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Leeuwrik, Cheatum, Mansfield win bids for Pocatello council seats; mayoral race going to runoff

East Idaho Elects

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POCATELLO — The only change to the Pocatello City Council following Tuesday’s election comes with the departure of council chair Heidi Adamson.

Adamson’s decision not to run for re-election meant that seat 4 would be filled by a new council member. And with 43% of the vote, Josh Mansfield was selected to do so.

Mansfield was endorsed by both Linda Leeuwrik and Rick Cheatum, both of whom won their respective bids for re-election. Cheatum, who earned 68% of the vote, and Leeuwrik, who fended off two challengers collecting 45% of the vote, will each retain their seats.

In a phone conversation with EastIdahoNews.com Wednesday, Leeuwrik said that Tuesday’s results were “definitely” a good thing for the city.

“Last night’s results were what I really wanted, and what I believe we need to move forward,” she said. “I think Pocatello is in a good place right now, I think things are really starting to happen here, and I don’t want to see us lose that momentum.”

Leeuwrik spoke to her appreciation for the city voters and their trust in her moving forward, adding that she will happily work with the best interest of those who did not vote for her in mind as well.

She did win though, and believes that her race was a microcosm of the statement made by voters.

“To me (the results say) that my message resonated with people, and my opponents’ did not,” Leeuwrik said. “My message was a positive message — let’s keep building on our progress, let’s keep making good thing happen.”

While she admits that there are challenges facing the community, Leeuwrik stands by her position that the Pocatello city government is not in need of a complete overhaul, as she said some candidates suggested.

Leeuwrik watched results pour in alongside Cheatum, Mansfield and incumbent mayor Brian Blad.

“We were supporting each other. We didn’t run together, but we supported each other and endorsed each other,” she said, so it was thrilling to experience victory together.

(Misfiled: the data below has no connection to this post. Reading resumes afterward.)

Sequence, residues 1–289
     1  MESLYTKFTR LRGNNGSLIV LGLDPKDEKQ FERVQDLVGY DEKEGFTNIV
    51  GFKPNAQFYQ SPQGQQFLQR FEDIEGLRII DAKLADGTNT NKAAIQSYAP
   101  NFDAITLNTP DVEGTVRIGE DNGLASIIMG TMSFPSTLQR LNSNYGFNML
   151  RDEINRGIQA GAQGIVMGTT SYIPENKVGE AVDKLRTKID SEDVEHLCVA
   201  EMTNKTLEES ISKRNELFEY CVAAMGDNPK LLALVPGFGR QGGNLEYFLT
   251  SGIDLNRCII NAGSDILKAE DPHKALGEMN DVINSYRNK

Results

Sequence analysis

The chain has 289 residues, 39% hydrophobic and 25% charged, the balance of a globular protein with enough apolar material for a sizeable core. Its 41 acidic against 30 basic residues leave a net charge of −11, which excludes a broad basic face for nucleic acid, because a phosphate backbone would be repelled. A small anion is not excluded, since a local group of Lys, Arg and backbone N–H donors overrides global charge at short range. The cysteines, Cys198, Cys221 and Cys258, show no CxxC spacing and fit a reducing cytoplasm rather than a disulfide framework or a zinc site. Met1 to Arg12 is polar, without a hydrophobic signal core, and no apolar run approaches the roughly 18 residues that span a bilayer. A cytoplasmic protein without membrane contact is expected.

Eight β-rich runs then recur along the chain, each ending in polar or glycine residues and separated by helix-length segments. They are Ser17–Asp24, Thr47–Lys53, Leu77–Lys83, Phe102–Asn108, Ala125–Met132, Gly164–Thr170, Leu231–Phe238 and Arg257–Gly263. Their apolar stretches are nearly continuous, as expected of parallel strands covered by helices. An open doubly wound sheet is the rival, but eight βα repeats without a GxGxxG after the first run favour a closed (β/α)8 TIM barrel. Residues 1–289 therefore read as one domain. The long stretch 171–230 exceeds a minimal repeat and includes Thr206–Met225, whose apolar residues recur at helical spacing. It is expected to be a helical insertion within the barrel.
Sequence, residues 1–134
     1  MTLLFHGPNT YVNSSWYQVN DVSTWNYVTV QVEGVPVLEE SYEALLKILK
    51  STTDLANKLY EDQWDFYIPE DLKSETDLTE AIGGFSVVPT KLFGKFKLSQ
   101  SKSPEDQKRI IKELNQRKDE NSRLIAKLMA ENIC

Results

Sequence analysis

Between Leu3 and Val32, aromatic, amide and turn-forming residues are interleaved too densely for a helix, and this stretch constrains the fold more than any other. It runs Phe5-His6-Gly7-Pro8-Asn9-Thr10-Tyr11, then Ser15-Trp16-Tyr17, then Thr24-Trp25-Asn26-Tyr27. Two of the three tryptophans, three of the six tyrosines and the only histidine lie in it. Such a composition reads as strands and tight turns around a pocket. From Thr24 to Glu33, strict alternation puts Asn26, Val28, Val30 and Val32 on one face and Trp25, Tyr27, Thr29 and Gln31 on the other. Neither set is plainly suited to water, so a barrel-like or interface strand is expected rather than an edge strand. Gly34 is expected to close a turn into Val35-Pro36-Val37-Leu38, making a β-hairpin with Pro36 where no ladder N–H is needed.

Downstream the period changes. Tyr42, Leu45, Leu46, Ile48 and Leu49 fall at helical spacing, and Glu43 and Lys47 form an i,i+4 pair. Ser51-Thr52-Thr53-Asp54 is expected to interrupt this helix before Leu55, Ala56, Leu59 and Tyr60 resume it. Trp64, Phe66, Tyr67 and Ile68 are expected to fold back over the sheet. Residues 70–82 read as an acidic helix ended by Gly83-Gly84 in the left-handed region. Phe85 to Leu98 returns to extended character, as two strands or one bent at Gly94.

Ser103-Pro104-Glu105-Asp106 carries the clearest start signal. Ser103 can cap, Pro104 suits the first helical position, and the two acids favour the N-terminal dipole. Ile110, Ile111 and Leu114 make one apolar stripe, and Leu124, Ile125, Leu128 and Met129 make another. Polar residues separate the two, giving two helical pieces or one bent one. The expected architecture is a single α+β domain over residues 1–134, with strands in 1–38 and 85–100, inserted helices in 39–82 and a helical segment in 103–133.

The only thing that would have made the night perfect for the contingent, according to Leeuwrik, would have been a victory for Brian Blad, who finished the night with a voter majority — 46% — but not the 50%-plus one vote needed to win a mayoral race.

Because of that, Blad will face the next highest vote-getter, David Worley who received 34% of the vote, in a runoff election.

The runoff election will be held Tuesday, Nov. 30, according to a news release from the Bannock County Elections Office. Early voting will be available through the office from Friday, Nov. 12 through Friday, Nov. 26, the release says. The office will be closed Nov. 25 for Thanksgiving.

Leeuwrik said that she is supportive of Blad and is hopeful for his re-election. She will be assisting in rallying votes, not as a council member or even as a friend, but as a concerned citizen.

“I will be talking to people definitely, because I believe that he is what’s best for Pocatello,” she said. “I’m very scared about the alternative, I think that that is not what’s going to be good for our city — not going to take us in the right direction.”

A runoff election will also decide the next mayor in the city of Blackfoot, where incumbent Marc Carroll, who received 38% of Tuesday’s vote, will face challenger Craig Stuart, who received 32%.

The Bingham County Elections Office expects to announce a date for early voting some time next week, but the runoff election, like Bannock County’s, will be held on Nov. 30.

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